In MDOS mode, you have full access when programming to all the extended (XOP) functions for programming that are built into the operating system.  This is dsr/video/math/memory/utilities/keyboard.  Programs here load beginning at >0400.  There are a few reserved memory areas above >F000 consisting of < 0100h bytes, but everything else is available.  The memory XOP allows you to identify and access other free memory if you need more programming space.  I've written stuff in the past that stored over 1.5 MB of data into memory when I had a large video display or stored large SoundFX VOC files in memory to be played.

 

MDOS mode has an AUTOEXEC file that allows you to load on bootup additional "drivers".  Myself, I have written some additional XOP libraries such as one for the TIPI in MDOS mode and there is also a "Windows" driver that there are probably fewer than a dozen programs would use I developed back in the 1990's.

 

The AUTOEXEC file also allows you to define additional ramdisk configurations for the HRD at various CRU's, change drive letters to corresponding devices (HFDC, SCSI, DSK, etc).  I think I have something 9 drive letters from "A" to "I" defined on my system.

 

Anyways, that is just a brief idea of the Geneve setup, etc.

 

Beery

 

 

 

 

 

 

Cool so one could do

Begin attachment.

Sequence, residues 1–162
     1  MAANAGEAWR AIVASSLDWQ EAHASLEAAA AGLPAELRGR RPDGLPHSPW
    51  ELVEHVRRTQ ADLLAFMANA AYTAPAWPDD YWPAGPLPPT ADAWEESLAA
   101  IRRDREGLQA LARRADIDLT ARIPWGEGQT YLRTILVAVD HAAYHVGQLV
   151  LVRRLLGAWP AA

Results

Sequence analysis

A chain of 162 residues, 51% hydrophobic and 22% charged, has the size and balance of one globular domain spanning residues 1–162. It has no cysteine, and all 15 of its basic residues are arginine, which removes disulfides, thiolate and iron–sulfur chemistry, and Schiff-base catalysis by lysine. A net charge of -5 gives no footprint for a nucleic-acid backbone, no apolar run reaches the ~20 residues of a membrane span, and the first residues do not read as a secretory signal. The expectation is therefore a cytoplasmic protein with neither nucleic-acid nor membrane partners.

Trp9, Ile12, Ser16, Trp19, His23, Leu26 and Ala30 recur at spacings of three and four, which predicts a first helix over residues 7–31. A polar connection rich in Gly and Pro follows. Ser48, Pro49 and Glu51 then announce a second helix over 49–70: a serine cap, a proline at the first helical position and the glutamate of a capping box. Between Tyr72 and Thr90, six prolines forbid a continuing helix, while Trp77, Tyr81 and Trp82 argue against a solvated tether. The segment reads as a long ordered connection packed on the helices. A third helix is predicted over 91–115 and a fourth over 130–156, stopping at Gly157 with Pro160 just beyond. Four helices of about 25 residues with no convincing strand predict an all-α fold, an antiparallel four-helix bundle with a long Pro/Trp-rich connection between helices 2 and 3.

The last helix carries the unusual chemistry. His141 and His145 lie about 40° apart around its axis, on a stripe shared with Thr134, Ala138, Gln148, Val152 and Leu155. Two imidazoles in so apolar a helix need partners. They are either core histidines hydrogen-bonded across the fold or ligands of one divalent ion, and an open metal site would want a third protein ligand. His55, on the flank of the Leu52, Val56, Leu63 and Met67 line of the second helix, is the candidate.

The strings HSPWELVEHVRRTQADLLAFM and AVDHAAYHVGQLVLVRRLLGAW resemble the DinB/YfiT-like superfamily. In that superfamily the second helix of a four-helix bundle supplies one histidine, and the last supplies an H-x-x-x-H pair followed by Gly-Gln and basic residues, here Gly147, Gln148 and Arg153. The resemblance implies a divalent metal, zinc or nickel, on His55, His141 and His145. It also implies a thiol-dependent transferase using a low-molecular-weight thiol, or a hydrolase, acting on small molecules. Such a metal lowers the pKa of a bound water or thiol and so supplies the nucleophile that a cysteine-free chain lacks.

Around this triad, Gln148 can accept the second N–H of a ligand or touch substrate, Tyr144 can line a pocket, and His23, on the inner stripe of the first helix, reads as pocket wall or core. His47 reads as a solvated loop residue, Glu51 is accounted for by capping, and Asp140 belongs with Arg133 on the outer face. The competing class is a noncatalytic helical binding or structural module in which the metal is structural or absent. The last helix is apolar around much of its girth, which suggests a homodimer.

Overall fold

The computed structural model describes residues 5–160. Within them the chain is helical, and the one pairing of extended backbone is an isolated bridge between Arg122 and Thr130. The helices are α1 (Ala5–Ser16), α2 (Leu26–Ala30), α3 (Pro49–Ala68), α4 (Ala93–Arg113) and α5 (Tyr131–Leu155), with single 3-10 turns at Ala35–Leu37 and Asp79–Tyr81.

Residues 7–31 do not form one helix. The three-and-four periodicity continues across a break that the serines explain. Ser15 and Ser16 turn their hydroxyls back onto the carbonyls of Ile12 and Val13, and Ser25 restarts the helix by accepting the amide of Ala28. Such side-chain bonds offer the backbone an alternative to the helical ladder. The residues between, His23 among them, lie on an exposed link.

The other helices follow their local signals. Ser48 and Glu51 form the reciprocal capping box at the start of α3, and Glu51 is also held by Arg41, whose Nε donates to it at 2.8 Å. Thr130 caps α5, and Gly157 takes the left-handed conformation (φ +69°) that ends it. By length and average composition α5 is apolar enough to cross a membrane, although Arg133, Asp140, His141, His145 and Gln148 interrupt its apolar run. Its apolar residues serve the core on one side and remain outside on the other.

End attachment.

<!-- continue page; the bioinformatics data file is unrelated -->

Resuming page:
A:>EXEC DSK2.CAMEL99  

 

Is there a technical document on how to write programs for MDOS ?

My cross-compiler has a 64K segment reserved for the target program.  I could make a very FAT Forth system for Geneve. (not that many would care) :) 

 

 

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I believe there is a MDOS manual on the http://ftp.whtech.com site under the Geneve folder if I remember correctly.

 

Also, if you do not have a hard disk system (not IDE) or a RAM Disk then booting the Geneve from floppy will take a bit longer.  Booting from RAMDISK can be done but does require some sector editing.  so get all your changes in place with CYA first otherwise it will not pass the verification.

 

I know I have some floppy disk images here that boot quicker than if you make them yourself, i think they were called 'Jump Bootdisk', but if I recall they only worked with a Myarc FDC.

 

It's also good to note that to run the TI based programs in GPL you need to enable TI MODE within the AUTOEXEC file.   

Edited by Shift838
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10 hours ago, TheBF said:

Cool so one could do 

A:>EXEC DSK2.CAMEL99  

 

Is there a technical document on how to write programs for MDOS ?

My cross-compiler has a 64K segment reserved for the target program.  I could make a very FAT Forth system for Geneve. (not that many would care) :)